Executive overreach: Obama’s ‘pen and phone’ has nothing on Trump’s

executive overreach pen and phone

Do you remember when Barack Obama announced in early 2014 that he wouldn’t wait for Congress to create the legislation he wanted but would instead usurp the House and the Senate by issuing decrees via his “pen and phone” despite his commitment as a candidate in 2007 to roll back executive overreach?

“We’re not just going to be waiting for legislation in order to make sure that we’re providing Americans the kind of help they need. I’ve got a pen and I’ve got a phone.

”And I can use that pen to sign executive orders and take executive actions and administrative actions that move the ball forward in helping to make sure our kids are getting the best education possible, making sure that our businesses are getting the kind of support and help they need to grow and advance, to make sure that people are getting the skills that they need to get those jobs that our businesses are creating.”

Conservatives and Republicans — they’re not the same thing — were rightly outraged by Obama’s clear abuse of power and executive overreach. For example, calling Obama’s pen and phone threat “executive order tyranny,” Judge Andrew Napolitano explained the president’s motivation:

“In a menacing statement at a cabinet meeting last month . . . the president has referred to his pen and his phone as a way of suggesting that he will use his power to issue executive orders, promulgate regulations and use his influence with his appointees in the government’s administrative agencies to continue the march to transform fundamentally the relationship of the federal government and individuals to his egalitarian vision when he is unable to accomplish that with legislation from Congress.”

Also chiming in on the subject of Obama’s executive overreach was non other than the current occupant of the White House, Donald Trump, and Vice President Mike Pence who was governor of Indiana at the time.

“I think it would be a profound mistake for the President of the United States to overturn immigration law with the stroke of a pen. Issues of this magnitude should always be resolved with the consent of the governed. Signing an executive order, giving a speech, barnstorming around the country defending that executive order is not leadership.”

But as the Monkees once sang, that was then and this is now. In 2020, Trump’s 2014 comments criticizing Obama for taking executive action ‘because he is unable to negotiate w/ Congress’ are coming back to haunt him

In his first three years in office, Trump’s inability to negotiate with Congress and his “only I can do it” narcissism has led to more executive orders being issued than we witnessed under Obama — a trend that continues as we enter the home stretch of his increasingly unlikely re-election in November.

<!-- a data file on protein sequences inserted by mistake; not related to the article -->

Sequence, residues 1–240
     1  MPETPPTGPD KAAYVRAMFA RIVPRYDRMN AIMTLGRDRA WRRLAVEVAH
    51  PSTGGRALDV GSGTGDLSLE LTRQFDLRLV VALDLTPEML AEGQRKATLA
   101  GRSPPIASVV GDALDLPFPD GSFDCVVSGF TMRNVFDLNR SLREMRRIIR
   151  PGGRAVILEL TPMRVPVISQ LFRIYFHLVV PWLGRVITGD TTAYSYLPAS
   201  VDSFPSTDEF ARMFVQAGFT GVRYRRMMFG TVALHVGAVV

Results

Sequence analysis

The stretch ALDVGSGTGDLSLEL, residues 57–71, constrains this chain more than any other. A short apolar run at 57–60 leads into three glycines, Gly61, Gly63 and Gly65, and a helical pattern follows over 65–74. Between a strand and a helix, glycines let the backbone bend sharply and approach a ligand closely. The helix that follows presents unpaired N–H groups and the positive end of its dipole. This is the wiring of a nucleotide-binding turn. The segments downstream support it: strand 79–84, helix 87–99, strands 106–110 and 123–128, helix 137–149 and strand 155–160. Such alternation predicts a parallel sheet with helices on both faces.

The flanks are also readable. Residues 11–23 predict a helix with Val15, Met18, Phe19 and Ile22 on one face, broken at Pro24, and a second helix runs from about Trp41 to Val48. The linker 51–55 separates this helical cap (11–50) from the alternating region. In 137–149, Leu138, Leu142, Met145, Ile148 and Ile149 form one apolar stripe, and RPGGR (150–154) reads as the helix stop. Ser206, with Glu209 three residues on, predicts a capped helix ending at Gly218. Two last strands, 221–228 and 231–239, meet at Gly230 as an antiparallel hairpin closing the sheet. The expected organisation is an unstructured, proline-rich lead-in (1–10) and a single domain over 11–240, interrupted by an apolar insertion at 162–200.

With Congress’ inability to agree on yet another coronavirus stimulus along with Trump’s feckless leadership throughout the so-called pandemic, the New York liberal with an “R” after his name is ready to pull out his pen and phone once again.

In his latest example of executive overreach, Trump is “considering” taking unilateral action if an agreement can’t be made on the coronavirus stimulus. He said last week that his biggest priorities in the negotiations were an extension of enhanced unemployment insurance and another moratorium on evictions.

“A lot of people are going to be evicted but I’m going to stop it because I’ll do it myself if I have to,” Trump told reporters at the White House.

As usual, Trump provided no details on how he would go about circumventing Congress on the matter, nor did he provide a constitutional rationale for doing so, except to say, “I have a lot of powers with respect to executive orders and we’re looking at that very seriously right now.”

Since becoming president, Trump has used his pen and phone to latch on to executive power as a means to advance his non-conservative agenda while routinely going where no predecessor had gone before. But in so doing, he’s also built a flimsy foundation that will quickly be unraveled if Biden wins. Since executive orders can be undone by executive orders, Trump’s self-declared awesomeness can, and most likely will, be undone in short order.

Trump once accused Obama of executive overreach, but he should be looking at the man in the mirror. To paraphrase his own words in the tweet above, Trump has used his pen and phone “to subvert the Constitution of the US for his own benefit & because he is unable to negotiate w/Congress” much more than Obama ever dreamed.

And like Obama, Trump has done so as a substitute for leadership, and to cover his failures as president.


David Leach is the owner of the Strident Conservative. He holds people of every political stripe accountable for their failure to uphold conservative values, and he promotes those values instead of political parties.

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